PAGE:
Setting up additional price points for your offer is one of the most effective pricing strategy in marketing.
Price is never an absolute value. It is always perceived.
What is $20, for example? To those who earn a lot – it’s nothing. To the unemployed one – a lot. For a car? Nothing! For a chewing gum? A fortune.
The price itself doesn’t have any meaning. Only in comparison to something else does it acquire the meaning and value.
This is the way people perceive prices. We naturally compare them to something else.
Knowing it, you already have at hand a valuable knowledge. Now let’s look at how to use it.
If you know your prospect will compare your price to something else – give them that something else. This way you control how your price will be perceived.
Let’s look at the example:
You own a hotel, and your standard offer is a double room with a small balcony.
You advertise this room. Now whoever comes across your ad, will compare your offer to other offers they have seen – of different hotels.
To control the comparison, you create a second offer – deluxe. This is a much bigger room, with a bigger balcony and a kitchen. Now this room is almost twice as expensive as the standard offer.
You again advertise your standard room, but this time you show both of your offers: standard and deluxe. Now your prospects compare the standard room to the deluxe one – not the competition. And in this comparison, the standard room seems like a great deal!
This practice is very often used for products such as hotel rooms, cars or clothing. Your main offer is standard and that’s what you’re trying to push. You add another offer (deluxe) not to sell it, but to make a standard offer look like a very good deal.
Another example of how to use additional price points comes from The Economist.
At one time, if you wanted to subscribe to the Economist, you would see 3 price options:
1. A web-only subscription for $59
2. A print-only subscription for $125
3. A web + print subscription for $125
Though it’s not sure whether The Economist made a mistake when creating offers, or did that on purpose – it does reveal the effect of adding ‘useless’ price points to the offer.
Look at the 3 offers again. If you choose option 2, you get print-only subscription, whereas in option 3 – web and print. For the same price! Who would go for option 2? Nobody! And nobody would go for option 1 either. This is because in comparison to other 2 offers, the 3rd one seems like the best deal.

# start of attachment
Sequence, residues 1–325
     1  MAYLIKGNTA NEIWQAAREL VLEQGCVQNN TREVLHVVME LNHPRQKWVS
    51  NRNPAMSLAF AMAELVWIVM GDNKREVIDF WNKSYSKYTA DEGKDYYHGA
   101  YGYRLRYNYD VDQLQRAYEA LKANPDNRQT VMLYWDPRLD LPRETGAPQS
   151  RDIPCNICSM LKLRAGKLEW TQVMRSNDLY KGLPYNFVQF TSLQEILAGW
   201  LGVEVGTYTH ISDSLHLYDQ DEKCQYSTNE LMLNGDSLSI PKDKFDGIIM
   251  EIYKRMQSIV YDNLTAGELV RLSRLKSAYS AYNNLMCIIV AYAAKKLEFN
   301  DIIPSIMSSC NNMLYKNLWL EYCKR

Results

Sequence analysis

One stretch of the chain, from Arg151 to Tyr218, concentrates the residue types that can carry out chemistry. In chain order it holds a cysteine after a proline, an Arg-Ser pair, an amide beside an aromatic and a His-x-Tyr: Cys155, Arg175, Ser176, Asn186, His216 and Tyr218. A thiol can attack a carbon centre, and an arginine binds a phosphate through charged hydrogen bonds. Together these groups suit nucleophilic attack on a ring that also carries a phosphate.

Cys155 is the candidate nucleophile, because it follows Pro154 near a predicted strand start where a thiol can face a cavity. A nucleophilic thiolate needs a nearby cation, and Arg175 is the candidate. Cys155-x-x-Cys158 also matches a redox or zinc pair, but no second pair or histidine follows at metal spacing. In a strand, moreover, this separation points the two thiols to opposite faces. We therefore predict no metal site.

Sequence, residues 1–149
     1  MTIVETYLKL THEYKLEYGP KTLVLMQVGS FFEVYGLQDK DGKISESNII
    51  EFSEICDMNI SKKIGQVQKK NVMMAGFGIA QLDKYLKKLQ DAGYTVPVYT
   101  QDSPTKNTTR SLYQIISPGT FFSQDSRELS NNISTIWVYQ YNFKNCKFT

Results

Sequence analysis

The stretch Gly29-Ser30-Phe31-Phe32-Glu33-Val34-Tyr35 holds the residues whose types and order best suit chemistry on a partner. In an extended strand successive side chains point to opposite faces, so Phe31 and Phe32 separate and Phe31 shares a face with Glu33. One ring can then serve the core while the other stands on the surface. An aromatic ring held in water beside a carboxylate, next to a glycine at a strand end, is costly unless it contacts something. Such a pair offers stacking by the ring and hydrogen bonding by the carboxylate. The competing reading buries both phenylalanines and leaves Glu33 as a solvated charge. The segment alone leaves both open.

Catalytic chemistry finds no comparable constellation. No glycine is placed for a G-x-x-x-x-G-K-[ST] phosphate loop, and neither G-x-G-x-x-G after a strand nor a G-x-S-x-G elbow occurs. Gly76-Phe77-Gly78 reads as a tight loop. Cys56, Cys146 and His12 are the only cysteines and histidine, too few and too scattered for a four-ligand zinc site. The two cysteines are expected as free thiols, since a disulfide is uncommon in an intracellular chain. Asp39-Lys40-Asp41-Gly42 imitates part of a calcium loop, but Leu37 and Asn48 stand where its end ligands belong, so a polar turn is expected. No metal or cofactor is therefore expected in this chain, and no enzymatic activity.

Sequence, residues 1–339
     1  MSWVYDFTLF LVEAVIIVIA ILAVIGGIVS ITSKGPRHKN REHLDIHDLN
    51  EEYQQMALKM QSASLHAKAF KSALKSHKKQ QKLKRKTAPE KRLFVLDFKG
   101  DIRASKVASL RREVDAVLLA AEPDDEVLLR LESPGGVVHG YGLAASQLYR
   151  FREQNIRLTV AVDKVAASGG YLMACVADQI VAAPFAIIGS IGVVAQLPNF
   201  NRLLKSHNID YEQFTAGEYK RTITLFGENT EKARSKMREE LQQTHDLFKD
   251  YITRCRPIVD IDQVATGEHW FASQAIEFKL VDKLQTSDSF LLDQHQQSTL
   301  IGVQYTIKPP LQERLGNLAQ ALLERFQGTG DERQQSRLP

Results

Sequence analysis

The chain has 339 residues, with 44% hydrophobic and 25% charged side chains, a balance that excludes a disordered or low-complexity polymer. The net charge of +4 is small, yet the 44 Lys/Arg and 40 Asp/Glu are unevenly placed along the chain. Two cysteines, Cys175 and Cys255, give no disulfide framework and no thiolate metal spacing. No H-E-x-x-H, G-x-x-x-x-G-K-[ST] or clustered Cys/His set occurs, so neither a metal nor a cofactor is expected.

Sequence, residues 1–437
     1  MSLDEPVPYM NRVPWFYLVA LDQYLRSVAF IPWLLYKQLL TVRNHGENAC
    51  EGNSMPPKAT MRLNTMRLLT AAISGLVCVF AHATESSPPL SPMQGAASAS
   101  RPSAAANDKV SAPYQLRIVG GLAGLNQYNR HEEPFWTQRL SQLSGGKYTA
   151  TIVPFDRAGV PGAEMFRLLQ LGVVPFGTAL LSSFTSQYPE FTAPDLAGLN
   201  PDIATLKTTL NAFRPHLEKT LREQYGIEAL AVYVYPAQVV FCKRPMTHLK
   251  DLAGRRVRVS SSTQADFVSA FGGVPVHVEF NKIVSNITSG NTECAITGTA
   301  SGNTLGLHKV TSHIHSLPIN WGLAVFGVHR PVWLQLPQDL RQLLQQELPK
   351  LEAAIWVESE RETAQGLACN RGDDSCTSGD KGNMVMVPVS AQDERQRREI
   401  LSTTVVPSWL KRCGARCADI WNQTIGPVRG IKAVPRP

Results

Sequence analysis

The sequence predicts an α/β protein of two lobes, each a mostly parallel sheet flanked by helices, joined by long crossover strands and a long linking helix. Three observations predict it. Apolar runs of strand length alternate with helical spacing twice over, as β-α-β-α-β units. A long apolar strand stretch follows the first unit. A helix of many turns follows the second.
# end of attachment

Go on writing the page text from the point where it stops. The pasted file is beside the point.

By adding one seemingly useless price point (option 2), The Economist boosted the perceived value of option 3.
Why does it happen?
Choosing option 3 in the presence of option 2 allows people to feel smart and canny, because they figured out which option is actually the best.
A great psychologist and economist Dan Ariely describes this example his amazing (and one of my personal favorites) book, Predictably Irrational.
Watch this 2-minute excerpt video of Dan Ariely’s TED talk where he explains his experiment:
What having an additional option (even if it seems useless) really does, is that it makes us feel like we are great decision makers. We turn to seeking value rather that looking for the cheapest options.
How additional “useless” price point affects sales:
This can have profound implications in long term. The threat with pricing your products or services low is that we turn our customers into bargain seekers. We jeopardise the loyalty they might have had to our brand and turn them into customers who go for the best price rather than best value.
Using price points as shown above allows you to win the heart of your customer back.
Now I’d love to hear from you.
Have you ever observed change in sales based on what price points you were offering? Let us know in the comments section below. If you have any more questions regarding setting additional price points for your pricing strategy, you can also leave your question below and I will get back to you.
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